We all have a tendency to forget just how truly precious life is. We take it all for granted. We complain, we regret, we suffer or worse, we hate. If you’ve ever been pregnant, lived with someone who is pregnant or witnessed an ultrasound in the first developmental months of a fetus, you know that life is miraculous and the fact that we make it into human form at all, despite all of the potential problems and complications is nothing less than a miracle. When I saw my daughter’s tiny, whirling and glowing heart at just eight weeks I became a believer again.
Unlike my sister, pregnancy did not come easily for me. As the oldest child in my family, I followed in my mother’s footsteps and experienced an ectopic pregnancy and then later branched out on my own experiencing a miscarriage. These were heartbreaking and confusing events to say the least, but I surrendered and remained faithful that like my mother, I would go on to have a healthy baby some day (in fact, she had three). My mother had told me once a long time ago that she had had a dream that I was sitting on a couch with two beautiful children and that I was happy. I have held onto that vision.
My mother was told that she would never have children and so she prepared to adopt when she found herself pregnant with me. Her doctor thought that she was crazy when she told him that she thought she was expecting (doctors don’t know everything). If you are reading this and you have experienced similar disappointment, or if you like me are a bit older as you walk down the path towards motherhood, don’t listen to your doctor too much. Listen to your instinct and be your own best advocate. When I made my first appointment with my OBGYN after confirming that I was pregnant, she asked me what I had done to conceive. What fertility method had I followed? She was completely speechless when I told her that the pregnancy was the result of a baby blessing from a living female saint in Southern India. Becoming pregnant via test tube and medical intervention wasn’t for me.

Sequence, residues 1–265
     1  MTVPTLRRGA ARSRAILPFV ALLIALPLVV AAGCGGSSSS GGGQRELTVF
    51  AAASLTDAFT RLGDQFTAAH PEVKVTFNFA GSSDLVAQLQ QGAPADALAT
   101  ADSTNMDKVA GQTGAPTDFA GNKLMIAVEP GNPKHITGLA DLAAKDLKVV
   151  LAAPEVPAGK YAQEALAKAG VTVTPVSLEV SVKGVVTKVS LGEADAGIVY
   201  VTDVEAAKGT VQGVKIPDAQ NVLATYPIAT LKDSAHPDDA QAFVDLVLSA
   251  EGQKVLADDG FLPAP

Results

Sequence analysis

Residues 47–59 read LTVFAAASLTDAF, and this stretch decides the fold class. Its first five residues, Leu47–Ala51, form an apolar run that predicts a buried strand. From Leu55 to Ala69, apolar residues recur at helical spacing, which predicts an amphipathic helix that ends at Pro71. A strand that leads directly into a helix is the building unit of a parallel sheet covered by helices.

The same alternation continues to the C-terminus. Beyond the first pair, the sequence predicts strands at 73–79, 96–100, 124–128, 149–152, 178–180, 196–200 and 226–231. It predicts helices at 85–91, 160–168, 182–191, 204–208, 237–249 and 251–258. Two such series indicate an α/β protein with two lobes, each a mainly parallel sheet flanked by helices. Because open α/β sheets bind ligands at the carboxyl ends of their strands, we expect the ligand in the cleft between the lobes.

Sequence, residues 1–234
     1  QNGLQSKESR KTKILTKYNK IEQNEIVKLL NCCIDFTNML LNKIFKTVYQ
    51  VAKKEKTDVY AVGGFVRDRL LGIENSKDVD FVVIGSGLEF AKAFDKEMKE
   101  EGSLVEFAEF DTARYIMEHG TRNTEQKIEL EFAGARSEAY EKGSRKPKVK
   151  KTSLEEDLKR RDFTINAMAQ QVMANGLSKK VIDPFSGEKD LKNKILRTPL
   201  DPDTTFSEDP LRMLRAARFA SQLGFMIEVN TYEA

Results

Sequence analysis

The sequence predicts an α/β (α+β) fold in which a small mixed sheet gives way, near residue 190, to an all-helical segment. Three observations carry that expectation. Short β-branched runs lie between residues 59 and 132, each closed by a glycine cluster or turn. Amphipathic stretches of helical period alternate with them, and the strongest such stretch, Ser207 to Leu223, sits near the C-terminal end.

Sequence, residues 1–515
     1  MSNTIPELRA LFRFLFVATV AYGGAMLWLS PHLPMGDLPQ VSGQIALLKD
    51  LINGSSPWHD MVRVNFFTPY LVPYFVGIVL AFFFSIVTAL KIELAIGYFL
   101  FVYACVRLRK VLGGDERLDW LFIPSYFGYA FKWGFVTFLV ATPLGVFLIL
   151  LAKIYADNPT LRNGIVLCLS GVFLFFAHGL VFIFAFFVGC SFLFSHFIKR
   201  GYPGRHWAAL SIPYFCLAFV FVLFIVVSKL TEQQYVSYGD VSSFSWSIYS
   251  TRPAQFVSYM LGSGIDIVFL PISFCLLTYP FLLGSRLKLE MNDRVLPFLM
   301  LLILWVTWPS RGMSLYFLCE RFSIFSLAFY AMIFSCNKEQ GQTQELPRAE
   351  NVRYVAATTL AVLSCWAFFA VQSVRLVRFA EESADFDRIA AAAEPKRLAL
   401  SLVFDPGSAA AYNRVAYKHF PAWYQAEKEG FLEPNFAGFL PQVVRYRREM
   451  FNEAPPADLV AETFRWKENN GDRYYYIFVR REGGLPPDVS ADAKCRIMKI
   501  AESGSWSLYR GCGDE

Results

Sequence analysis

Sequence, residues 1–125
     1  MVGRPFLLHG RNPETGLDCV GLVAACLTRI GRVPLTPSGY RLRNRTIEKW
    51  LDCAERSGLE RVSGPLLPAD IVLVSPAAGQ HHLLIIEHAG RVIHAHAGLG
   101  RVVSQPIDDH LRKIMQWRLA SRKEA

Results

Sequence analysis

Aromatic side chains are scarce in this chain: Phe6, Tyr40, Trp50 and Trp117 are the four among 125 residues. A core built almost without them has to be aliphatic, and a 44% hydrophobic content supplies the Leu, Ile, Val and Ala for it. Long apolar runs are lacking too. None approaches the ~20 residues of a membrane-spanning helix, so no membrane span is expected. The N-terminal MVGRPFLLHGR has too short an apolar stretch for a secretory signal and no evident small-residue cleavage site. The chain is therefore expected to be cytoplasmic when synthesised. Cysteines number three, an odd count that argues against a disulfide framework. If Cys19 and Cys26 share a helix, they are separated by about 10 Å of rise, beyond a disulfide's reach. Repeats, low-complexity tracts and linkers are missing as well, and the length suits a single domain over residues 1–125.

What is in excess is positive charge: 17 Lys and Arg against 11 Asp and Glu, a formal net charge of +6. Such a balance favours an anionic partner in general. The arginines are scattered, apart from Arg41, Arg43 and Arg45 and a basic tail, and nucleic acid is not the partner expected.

As I near the final stretch of my pregnancy, I am cherishing every moment – even the heartburn, the lack of sleep, the tiredness, the soreness, the inability to properly groom my neither regions and despite all of the craziness in the world. One friend openly laughed at my husband and I when we told her that we were going to have a baby. "How optimistic of you", she said.
Nevertheless, I am exceeding grateful to be granted this precious gift and I am excited about meeting my daughter and holding her for the first time. But here’s the thing - pregnancy requires you to accept the changes in your body and in your life. It requires you to embrace the unknown and cultivate flexibility and patience, self-study and surrender. It is the ultimate yoga practice.
It also helps to remind yourself that there is a light at the end of the tunnel – that pregnancy is a temporary state, a fleeting moment just like all things in life. Eventually, my nose, my waistline and my yoga practice will return to their normal state. And so I bow to my mother, to The Divine Mother and to all mothers and women everywhere. We are the true yogis of the world because as Amma The Hugging Saint has said,
There is much truth in the saying that there is a strong woman behind every successful man. Wherever you see you happy, peaceful individuals; where ever you see children endowed with noble qualities and good disposition; wherever you see men who have immense strength when faced with failure and adverse situation; wherever you see people who possess a great measure of understanding, sympathy, love, and compassion toward the suffering, and who give of themselves to others you will usually find a great mother who has inspired them to become what they are.